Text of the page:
Saturday, October 20, 2007

Managing expectations about monitoring and evaluation in Katine

Yesterday I went to an event in London, hosted by Barclays, which functioned as the official opening of the Katine project. The Guardian's Katine website went online immediately afterwards, and today's Guardian newspaper features a front page article about the Guardian's involvement in Katine, and a magazine insert giving a detailed description of Katine: the place, the people and the project.

Already some differences in expectations are evident and will need to be managed. Visits to Katine by Guardian and Barclay's staff have clearly had a psychological impact on those staff that visited, and on those they have talked to since. Others are interested to go there as well. But at the same time, AMREF staff have an understandable concern about the manageability of a stream of such visitors. How much of their staff time will be taken up with the planning and hosting of these visits, and what effect will that diversion of resources have on the implementation of the project?

My Terms of Reference (ToRs) already include a responsibility to "Assess whether the Guardian is impacting project delivery or negatively impacting the lives of the community" Already I am thinking that this responsibility needs to be amended to refer to the involvement of the Guardian and Barclays in more general terms, not just media activities.

There are some practical (M&E) steps that could be taken right now. AMREF could start to log the time spent by their staff in planning and hosting each visit by outsiders. On the Guardian and Barclays side, as I suggested to one staff member yesterday, it would be useful if those thinking about a visit could try to be as clear as possible about the objectives of their proposed visit. The nature of what would be a reasonable level of visits is also under negotiation, as part of ongoing contract discussions between AMREF, Barclays and the Guardian.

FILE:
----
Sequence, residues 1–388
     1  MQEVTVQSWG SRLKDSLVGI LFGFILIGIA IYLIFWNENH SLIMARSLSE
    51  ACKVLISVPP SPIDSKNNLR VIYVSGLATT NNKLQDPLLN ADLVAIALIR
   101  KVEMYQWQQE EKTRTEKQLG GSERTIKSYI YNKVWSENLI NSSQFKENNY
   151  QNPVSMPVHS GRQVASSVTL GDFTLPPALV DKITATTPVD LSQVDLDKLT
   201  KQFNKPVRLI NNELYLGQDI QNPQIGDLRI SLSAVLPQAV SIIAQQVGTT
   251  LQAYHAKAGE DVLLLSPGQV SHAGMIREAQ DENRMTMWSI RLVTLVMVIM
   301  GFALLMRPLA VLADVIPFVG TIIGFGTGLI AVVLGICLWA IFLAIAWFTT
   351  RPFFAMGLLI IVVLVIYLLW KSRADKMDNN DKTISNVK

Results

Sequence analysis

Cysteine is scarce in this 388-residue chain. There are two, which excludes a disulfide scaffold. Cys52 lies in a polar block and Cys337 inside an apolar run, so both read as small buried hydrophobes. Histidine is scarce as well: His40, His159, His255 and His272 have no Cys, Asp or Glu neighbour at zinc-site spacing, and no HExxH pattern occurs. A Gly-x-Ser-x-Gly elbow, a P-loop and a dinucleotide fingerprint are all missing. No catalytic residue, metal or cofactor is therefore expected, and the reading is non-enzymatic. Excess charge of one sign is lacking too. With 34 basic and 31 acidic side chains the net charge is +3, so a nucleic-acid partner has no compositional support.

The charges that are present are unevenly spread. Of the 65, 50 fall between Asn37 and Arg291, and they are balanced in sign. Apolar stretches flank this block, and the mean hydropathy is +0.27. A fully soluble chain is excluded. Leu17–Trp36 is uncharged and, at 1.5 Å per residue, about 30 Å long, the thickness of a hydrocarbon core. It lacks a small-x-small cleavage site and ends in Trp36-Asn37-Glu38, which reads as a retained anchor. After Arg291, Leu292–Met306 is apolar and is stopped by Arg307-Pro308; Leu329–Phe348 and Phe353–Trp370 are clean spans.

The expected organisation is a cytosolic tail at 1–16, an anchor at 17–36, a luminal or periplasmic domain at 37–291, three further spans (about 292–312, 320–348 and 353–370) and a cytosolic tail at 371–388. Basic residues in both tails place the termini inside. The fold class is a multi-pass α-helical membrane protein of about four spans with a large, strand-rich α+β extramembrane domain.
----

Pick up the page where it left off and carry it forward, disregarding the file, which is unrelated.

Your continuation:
Another issue that may need to be attended to is the possible impact of the Guardian choosing to focus its media attention on Katine village, which has a population of 1500 people, although AMREF will be working with a much larger group, the 25,000 people living in the wider Katine sub-country (which Katine village is part of). It is possible, though accident and/or intention that a disproportionate amount of project resources may end up being invested in Katine village. For this and other reasons I will need to examine AMREF's plans to see how they intended to address issues of equity: who is being assisted by what project activities, and why so. This leads us into wider issues of what are the most appropriate criteria for assessing AMREF's performance, in addition to equity and effectiveness. This will be the subject of another blog posting, yet to come.

Postscript (31/10/07): I have now set up a Frequently Asked Questions(FAQs) webpage on the topic of Monitoring and Evaluating Success in Katine